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2012 January 8

Ways to respond to literature using New York Times models

Last November, the NY Times published an article about alternatives to the standard school book report for English classes: Beyond the Book Report: Ways to Respond to Literature Using New York Times Models.  I read the article then, and forwarded the link to my son, my wife (who supervises his humanities education), and my son’s consultant teacher.  I meant to blog about it right away, but it got buried in my over-100 draft posts of things I mean to blog about as soon as I have time.  The pointer just got forwarded to the other home-schoolers at Alternative Family Education, so it is past time for me to write this post.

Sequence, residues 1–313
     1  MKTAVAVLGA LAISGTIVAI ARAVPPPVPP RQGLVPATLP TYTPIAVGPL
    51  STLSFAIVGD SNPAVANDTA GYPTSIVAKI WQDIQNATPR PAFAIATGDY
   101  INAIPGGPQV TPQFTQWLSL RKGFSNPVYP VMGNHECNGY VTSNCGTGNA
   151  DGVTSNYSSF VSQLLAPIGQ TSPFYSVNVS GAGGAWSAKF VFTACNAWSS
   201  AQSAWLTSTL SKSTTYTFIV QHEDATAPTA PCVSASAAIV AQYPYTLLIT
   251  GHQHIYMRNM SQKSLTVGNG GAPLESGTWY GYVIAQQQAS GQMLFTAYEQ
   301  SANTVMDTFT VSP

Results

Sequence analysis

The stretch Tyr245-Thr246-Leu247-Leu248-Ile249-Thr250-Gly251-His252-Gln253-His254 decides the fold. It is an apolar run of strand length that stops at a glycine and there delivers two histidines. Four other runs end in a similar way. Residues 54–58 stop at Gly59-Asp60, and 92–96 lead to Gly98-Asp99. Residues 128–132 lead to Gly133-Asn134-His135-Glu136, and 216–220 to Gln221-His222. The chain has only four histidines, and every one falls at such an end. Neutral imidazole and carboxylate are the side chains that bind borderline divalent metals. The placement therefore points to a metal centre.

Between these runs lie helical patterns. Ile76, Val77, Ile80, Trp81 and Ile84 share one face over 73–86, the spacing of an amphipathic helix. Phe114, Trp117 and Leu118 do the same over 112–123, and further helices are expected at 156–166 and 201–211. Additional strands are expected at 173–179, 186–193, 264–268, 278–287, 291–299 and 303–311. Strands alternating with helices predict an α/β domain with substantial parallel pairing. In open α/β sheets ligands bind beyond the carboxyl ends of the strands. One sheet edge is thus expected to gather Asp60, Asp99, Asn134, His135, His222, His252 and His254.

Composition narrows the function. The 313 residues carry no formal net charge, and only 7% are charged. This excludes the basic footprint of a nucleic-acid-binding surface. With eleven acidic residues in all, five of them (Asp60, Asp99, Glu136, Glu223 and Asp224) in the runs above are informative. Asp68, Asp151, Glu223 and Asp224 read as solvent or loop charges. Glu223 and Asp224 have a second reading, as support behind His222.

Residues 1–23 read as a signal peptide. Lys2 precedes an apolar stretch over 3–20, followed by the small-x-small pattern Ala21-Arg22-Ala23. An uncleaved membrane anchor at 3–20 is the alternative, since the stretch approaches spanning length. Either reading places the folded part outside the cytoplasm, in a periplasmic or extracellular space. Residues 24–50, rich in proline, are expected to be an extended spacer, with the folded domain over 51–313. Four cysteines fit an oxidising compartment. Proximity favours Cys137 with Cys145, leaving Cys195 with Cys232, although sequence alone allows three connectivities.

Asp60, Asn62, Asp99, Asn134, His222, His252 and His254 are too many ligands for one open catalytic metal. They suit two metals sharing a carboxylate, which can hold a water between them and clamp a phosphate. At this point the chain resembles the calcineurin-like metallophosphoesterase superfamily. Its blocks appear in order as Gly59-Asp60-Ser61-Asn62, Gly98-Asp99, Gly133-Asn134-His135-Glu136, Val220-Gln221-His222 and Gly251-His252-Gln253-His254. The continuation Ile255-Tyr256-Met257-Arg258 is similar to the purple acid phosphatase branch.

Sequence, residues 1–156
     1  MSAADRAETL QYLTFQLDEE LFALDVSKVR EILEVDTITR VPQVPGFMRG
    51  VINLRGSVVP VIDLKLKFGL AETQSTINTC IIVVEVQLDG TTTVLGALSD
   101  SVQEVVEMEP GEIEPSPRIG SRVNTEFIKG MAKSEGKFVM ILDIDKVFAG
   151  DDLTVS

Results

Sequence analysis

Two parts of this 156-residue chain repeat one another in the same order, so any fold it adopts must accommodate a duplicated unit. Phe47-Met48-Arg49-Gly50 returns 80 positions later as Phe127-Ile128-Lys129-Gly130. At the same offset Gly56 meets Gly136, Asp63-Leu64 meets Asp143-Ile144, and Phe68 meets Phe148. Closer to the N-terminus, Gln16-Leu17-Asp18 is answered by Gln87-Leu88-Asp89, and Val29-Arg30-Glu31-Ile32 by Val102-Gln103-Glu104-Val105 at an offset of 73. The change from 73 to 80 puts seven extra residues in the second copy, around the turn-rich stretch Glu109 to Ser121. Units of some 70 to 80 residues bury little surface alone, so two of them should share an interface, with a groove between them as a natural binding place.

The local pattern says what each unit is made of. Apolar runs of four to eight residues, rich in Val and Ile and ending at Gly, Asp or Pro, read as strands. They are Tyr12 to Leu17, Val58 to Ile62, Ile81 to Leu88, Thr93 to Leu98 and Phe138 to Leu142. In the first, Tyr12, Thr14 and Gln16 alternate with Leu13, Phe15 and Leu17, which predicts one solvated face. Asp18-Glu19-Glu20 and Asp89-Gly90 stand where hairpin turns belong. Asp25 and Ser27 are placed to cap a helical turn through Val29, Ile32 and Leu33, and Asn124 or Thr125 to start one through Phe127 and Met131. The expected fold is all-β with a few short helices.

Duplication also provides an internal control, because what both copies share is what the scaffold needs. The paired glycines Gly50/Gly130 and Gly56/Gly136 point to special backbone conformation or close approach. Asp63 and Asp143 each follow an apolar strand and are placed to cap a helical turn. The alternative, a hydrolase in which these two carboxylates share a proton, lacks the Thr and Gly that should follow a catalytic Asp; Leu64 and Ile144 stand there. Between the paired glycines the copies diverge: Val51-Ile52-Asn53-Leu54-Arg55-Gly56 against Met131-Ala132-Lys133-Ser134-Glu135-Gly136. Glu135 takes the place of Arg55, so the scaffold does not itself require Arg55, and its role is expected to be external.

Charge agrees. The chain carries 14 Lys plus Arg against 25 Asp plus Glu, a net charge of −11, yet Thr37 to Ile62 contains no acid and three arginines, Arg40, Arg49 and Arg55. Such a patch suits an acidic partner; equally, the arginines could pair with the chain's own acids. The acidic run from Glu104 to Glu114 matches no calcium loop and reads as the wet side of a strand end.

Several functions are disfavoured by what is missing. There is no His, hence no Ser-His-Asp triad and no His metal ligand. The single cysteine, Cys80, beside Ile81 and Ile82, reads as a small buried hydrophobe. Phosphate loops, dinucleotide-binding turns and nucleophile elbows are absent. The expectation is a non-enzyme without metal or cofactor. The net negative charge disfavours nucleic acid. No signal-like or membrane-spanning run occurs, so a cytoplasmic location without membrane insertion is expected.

The article offers 13 alternative assignments for the usual “book report” or “literary analysis” assignment (which I have ranted about before in posts like Death to high school English and Reluctant Writers).  I don’t know that we will use any of them exactly, but they did help spur some thinking about some of the assignments my son has done for his “Alternative Realities” English class so far this year:

  • description of the caste system in Brave New World
  • sociolinguistic analysis of NewSpeak in 1984
  • extra chapter for Alice in Wonderland, describing her adventures in a land that looks a lot like Minecraft
  • map of Gethen, the world (or part of the world) in Left Hand of Darkness
  • travel guide for Arde, the world in Planiverse